President Bush apparently thinks two wrongs make a right. He plans to break a new law, because he wants the right to torture detainees in the war on terror.
Bush and Vice President Cheney fought congressional efforts in the fall to ban torture. They tried to defeat an amendment to the defense-spending bill prohibiting cruel, humiliating and degrading treatment of terrorists or those suspected of terrorism. They lost.
The Senate approved the amendment overwhelmingly by a 90-9 vote. Even then Cheney tried to get a loophole for CIA operatives. He lost.
The House of Representatives supported the ban with a 308-122 vote. The Bush administration lost yet again.
Bush said the anti-torture ban “made it clear to the world that this government does not torture and that we adhere to the international convention of torture.
Bush signed into law last Friday a ban on torture that Congress passed and he opposed.
But Bush apparently didn’t mean what he had said and had no plans to obey the law he signed.
Attached to the bill was a “signing statement,” an official document that contained the president’s interpretation of the law. That document stated that in extreme circumstances the president could waive the law for the sake of national security.
Three Republican senators quickly rejected Bush’s claim that he can bypass the law.
Senators John Warner (R-Va.) and John McCain (R-Ariz.) issued a joint statement asserting that the president could not override the law against cruel, inhumane and degrading treatment of American prisoners.
“We believe the president understands Congress’ intent in passing by very large majorities legislation governing the treatment of detainees included in the 2006 Department of Defense Appropriations and Authorization bills,” they said. “The Congress declined, when asked by administration officials, to include a presidential waiver of the restrictions included in our legislation. Our committee intends through strict oversight to monitor the administration’s implementation of the new law.”
Another senator, Lindsey Graham (R-S.C.) supported Warner and McCain.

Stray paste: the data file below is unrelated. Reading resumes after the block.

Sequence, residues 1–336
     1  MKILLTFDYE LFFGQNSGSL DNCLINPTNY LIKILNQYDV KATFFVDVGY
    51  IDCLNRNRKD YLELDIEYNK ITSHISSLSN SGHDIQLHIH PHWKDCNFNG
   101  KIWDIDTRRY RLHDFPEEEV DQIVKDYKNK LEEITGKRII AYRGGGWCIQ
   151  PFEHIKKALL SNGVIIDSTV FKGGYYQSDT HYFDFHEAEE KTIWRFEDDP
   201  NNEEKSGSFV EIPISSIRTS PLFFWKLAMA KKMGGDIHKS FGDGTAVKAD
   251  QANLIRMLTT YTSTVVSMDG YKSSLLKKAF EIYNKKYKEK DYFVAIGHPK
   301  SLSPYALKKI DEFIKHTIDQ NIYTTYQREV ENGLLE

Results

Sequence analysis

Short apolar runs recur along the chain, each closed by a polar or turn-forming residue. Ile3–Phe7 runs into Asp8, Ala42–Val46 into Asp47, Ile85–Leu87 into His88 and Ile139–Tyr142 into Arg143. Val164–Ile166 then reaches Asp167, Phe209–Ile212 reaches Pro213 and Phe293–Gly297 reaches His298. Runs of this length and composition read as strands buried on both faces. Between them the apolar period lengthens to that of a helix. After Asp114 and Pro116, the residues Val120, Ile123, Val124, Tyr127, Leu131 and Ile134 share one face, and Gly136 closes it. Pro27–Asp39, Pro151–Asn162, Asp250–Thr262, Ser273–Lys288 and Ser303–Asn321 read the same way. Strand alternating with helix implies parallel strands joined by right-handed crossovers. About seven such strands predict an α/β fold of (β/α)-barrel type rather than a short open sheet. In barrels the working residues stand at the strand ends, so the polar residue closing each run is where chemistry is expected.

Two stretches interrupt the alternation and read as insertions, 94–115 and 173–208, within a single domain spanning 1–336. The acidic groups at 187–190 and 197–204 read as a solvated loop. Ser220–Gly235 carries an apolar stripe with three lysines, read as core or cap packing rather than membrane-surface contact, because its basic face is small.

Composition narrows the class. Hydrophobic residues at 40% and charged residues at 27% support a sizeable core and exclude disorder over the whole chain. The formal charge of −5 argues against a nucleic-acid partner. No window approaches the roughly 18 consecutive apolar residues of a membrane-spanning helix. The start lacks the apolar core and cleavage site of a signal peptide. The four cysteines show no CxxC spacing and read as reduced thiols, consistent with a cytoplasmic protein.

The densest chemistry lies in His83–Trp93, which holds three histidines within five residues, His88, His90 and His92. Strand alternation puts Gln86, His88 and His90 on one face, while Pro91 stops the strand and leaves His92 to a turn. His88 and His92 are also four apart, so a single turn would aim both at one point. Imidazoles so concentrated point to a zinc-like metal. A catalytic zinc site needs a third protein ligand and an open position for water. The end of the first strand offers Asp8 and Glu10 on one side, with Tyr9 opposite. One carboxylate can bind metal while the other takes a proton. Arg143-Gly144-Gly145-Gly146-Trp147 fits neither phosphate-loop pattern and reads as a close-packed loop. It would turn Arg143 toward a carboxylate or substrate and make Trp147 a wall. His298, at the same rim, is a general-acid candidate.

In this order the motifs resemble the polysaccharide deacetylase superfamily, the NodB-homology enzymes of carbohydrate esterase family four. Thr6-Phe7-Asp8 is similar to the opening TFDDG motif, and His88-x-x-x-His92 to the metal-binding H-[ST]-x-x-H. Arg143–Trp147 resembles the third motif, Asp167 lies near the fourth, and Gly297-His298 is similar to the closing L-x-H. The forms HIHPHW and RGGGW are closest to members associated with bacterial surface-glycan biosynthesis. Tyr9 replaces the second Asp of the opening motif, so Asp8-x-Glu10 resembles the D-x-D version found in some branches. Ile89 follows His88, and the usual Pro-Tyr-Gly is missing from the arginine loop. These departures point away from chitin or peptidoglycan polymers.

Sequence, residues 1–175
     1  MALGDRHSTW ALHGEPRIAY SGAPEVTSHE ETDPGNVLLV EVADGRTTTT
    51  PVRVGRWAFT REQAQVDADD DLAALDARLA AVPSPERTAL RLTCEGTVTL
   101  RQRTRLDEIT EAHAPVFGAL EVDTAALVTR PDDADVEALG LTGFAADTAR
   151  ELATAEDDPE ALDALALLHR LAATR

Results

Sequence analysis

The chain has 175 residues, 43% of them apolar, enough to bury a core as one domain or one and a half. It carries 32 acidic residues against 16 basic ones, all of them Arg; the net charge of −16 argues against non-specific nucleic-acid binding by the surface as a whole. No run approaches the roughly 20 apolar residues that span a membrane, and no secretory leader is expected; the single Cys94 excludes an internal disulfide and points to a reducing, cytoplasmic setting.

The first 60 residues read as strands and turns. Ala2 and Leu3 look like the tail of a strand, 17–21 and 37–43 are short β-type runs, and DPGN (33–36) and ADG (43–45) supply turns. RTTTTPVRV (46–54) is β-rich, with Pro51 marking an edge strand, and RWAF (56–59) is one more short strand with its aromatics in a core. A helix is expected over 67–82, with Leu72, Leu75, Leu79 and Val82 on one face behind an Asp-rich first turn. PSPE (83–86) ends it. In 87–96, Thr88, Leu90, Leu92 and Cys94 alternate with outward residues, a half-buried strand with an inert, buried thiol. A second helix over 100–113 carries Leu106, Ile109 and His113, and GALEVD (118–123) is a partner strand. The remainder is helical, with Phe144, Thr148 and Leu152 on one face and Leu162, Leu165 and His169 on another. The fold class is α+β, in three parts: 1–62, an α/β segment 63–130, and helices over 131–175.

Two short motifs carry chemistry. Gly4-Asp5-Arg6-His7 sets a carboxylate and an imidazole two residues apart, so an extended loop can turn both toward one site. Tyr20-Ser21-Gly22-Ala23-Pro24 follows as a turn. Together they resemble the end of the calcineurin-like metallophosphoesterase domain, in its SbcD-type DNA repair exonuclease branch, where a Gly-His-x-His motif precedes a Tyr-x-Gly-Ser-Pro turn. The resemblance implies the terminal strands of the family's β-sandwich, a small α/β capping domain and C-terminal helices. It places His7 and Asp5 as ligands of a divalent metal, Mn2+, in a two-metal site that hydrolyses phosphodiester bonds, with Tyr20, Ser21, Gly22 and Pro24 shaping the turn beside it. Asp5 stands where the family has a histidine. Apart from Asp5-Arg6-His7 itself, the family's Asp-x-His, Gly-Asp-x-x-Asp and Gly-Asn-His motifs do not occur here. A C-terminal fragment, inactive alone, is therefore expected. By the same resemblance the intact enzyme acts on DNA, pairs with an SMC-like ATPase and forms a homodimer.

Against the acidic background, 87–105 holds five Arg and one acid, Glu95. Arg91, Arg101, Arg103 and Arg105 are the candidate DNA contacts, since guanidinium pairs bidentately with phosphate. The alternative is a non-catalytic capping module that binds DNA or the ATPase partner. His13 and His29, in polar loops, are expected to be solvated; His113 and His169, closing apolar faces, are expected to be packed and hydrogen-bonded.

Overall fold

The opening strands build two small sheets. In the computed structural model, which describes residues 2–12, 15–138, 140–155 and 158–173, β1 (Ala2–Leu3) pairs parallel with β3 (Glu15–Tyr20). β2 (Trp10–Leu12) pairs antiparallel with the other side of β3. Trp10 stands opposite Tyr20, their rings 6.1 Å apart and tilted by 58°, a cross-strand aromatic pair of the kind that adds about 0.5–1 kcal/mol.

Graham, a member of Corinth Baptist Church in Seneca, S.C., told the Boston Globe, ”I do not believe that any political figure in the country has the ability to set aside any … law of armed conflict that we have adopted or treaties that we have ratified.”
He said, ”If we go down that road, it will cause great problems for our troops in future conflicts, because [nothing] is to prevent other nations’ leaders from doing the same.”
The president’s action and these senators’ courage have set the stage for more conflict over the balance of power between the executive and legislative branches of government. May the legislative branch win. Our government is strongest and works best when power is balanced. The consolidation of power always leads to the abuse of power.
The president’s action also provides an opportunity for people of faith to explore civil morality.
Neither law breaking nor torture is morally the right thing to do. Two wrongs never equal a right. Obeying the law and treating prisoners with dignity is the right path to follow, the best way forward in a sinful world.
The president would do well to obey the law of the land, instead of continually trying to place himself above the law with the questionable argument that national security gives him special leeway.
We would do well to support these three Republican senators and speak up for a balance of power.
Robert Parham is the executive director of the Baptist Center for Ethics.